242 FLUID MOTIONS [384
They are held back, as Froude pointed out, by friction acting from the walls ; but, on the other hand, when they lag, they are pulled forward by layers farther in which still retain their velocity. If the latter prevail, the motion in the end may not be very different from what would occur in the absence of friction; otherwise an entirely altered motion may ensue. The situation as regards the rest of the fluid is much easier when the layers upon which the friction tells most are allowed to escape. This happens in instruments of the injector class, but I have sometimes wondered whether full advantage is taken of it. The long gradually expanding cones are overdone, perhaps, and the friction which they entail must have a bad effect.
Similar considerations enter when we discuss the passage of a solid body through a large mass of fluid otherwise at rest, as in the case of an airship or submarine boat. I say a submarine, because when a ship moves upon the surface of the water the formation of waves constitutes a complication, and one of great importance when the speed is high. In order that the water in its relative motion may close in properly behind, the after-part of the ship must be suitably shaped, fine lines being more necessary at the stern than at the bow, as fish found out before men interested themselves in the problem. In a well-designed ship the whole resistance (apart from wave-making) may be ascribed to skin friction, of the same nature as that which is encountered when the ship is replaced by a thin plane moving edgeways.
At the other extreme we may consider the motion of a thin disk or blade flatways through the water. Here the actual motion differs altogether from that prescribed. by the classical hydrodynamics, according to which the character of the motion should be the same behind as in front. The liquid refuses to close in behind, and a region of more or less "dead water" is developed, entailing a greatly increased resistance. To meet this Helmholtz, Kirchhoff, and their followers have given calculations in which the fluid behind is supposed to move strictly with the advancing solid, and to be separated from the remainder of the mass by a surface at which a finite slip takes place. Although some difficulties remain, there can be no doubt that this theory constitutes a great advance. But the surface of separation is unstable, and in consequence of fluid friction it soon loses its sharpness, breaking up into more or less periodic eddies, described in some detail by Mallock (fig. 8). It is these eddies which cause the whistling of the wind in trees and the more musical notes of the seolian harp.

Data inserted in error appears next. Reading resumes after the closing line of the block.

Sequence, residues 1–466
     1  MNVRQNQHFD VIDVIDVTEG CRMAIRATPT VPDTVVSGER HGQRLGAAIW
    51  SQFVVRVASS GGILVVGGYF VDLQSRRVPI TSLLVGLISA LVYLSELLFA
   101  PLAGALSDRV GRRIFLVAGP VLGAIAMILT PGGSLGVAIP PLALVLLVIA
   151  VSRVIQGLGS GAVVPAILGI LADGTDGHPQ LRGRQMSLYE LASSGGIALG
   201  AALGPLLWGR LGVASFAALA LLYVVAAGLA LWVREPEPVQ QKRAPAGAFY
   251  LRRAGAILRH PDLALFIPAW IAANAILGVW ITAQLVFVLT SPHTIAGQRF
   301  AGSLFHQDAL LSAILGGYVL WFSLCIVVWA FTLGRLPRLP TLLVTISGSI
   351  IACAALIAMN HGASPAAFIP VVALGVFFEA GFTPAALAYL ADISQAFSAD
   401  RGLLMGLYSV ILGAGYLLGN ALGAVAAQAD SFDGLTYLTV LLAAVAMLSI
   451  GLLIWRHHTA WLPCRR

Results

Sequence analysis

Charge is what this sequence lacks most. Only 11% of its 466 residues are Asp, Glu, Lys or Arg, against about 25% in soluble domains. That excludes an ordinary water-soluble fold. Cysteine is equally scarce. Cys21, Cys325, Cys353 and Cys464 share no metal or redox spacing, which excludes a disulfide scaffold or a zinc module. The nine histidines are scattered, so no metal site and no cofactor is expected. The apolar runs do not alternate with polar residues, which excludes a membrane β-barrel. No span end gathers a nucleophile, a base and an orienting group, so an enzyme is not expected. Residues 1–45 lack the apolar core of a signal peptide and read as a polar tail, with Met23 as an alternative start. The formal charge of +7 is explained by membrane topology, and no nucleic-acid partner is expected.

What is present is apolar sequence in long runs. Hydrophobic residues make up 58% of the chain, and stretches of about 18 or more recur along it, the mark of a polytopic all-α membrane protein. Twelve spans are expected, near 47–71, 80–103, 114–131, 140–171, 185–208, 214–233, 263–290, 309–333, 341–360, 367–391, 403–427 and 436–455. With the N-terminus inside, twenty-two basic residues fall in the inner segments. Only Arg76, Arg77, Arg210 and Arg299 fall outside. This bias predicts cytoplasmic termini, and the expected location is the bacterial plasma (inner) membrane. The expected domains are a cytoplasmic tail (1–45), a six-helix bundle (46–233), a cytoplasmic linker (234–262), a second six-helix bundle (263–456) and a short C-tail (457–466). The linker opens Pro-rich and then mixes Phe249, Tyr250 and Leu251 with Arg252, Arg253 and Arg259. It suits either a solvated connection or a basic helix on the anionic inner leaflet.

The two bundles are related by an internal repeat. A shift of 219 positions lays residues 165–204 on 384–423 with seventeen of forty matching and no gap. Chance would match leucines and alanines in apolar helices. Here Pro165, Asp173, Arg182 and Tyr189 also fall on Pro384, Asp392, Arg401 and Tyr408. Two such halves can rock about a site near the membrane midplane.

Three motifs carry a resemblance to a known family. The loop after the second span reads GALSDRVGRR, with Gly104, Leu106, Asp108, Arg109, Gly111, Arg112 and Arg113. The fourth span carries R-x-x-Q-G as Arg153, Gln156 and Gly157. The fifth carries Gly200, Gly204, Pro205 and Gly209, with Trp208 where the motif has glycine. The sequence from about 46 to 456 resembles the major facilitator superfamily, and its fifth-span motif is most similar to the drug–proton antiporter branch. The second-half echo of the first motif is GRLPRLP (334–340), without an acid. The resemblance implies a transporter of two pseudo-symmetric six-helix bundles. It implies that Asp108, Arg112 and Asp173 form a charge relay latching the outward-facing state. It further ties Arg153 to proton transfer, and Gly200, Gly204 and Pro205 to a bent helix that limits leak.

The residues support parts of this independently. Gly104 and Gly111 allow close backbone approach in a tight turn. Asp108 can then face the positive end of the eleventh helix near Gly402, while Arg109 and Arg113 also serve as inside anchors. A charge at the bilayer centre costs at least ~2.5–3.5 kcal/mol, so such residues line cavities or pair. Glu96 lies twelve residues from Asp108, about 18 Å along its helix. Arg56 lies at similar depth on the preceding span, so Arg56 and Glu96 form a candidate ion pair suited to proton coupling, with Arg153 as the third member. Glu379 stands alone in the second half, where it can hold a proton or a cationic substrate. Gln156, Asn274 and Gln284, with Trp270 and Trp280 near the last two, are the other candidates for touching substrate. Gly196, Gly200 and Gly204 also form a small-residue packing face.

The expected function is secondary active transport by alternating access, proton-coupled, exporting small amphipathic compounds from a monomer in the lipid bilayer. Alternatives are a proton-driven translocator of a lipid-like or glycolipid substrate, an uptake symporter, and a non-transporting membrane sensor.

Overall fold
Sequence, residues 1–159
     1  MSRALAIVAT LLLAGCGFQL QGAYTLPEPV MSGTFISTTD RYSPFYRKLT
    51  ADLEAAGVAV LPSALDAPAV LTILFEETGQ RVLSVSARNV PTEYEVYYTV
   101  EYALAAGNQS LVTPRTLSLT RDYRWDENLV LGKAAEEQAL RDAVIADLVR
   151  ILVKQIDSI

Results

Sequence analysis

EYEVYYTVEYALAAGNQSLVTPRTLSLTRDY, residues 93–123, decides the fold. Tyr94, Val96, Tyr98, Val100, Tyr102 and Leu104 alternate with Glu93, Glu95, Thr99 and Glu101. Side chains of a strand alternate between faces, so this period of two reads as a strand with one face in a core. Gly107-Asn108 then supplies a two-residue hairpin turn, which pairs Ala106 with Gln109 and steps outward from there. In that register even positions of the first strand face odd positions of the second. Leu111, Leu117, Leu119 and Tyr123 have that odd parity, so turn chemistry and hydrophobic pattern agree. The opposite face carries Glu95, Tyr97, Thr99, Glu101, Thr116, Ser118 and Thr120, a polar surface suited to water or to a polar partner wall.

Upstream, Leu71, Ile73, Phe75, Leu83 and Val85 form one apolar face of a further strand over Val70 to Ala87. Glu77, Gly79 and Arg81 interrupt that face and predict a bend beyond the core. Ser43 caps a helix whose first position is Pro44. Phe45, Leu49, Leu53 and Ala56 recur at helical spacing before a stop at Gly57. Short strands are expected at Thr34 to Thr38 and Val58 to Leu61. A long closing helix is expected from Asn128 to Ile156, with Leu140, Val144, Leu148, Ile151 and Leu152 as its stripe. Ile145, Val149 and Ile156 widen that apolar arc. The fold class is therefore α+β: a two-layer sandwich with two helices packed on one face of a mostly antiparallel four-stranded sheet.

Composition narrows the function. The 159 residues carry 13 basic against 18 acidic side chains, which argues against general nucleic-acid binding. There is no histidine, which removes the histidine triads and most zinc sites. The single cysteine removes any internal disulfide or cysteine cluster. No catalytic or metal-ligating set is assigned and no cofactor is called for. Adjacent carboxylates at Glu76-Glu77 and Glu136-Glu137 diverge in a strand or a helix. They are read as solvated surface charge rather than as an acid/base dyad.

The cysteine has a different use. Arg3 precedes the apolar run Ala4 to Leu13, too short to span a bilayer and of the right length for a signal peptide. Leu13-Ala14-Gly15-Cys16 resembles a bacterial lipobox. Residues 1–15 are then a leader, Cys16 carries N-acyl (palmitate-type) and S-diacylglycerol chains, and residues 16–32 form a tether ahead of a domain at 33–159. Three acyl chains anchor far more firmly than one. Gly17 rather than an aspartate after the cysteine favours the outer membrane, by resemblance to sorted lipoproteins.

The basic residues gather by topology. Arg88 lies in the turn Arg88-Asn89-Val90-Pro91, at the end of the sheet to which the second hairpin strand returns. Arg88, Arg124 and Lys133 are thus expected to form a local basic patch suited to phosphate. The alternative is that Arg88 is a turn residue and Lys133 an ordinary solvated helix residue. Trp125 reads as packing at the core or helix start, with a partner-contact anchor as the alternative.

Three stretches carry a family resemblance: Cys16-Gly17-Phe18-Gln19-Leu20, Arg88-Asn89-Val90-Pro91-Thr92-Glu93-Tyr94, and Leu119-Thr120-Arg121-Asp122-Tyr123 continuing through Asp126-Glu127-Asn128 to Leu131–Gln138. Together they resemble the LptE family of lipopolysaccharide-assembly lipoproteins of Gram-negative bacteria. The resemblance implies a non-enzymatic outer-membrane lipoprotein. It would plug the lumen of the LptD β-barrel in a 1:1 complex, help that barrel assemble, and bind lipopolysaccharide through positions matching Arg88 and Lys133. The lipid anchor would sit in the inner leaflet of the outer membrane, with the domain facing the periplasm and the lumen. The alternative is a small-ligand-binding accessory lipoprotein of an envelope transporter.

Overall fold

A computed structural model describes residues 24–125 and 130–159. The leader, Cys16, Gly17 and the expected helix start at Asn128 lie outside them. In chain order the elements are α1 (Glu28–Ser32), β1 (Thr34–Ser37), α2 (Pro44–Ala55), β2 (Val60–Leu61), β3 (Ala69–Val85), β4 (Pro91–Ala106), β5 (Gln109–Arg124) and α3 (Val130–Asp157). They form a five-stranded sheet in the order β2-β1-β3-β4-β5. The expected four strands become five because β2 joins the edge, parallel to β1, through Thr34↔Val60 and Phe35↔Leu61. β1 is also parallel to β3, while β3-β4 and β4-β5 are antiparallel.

The obstacle to the closing-in of the lines of flow behind the disk is doubtless, as before, the layer of liquid in close proximity to the disk, which at the edge has insufficient velocity for what is required of it. It would be an interesting experiment to try what would be the effect of allowing a small "spill." For this purpose the disk or blade would be made double, with a suction applied to the narrow interspace. Relieved of the slowly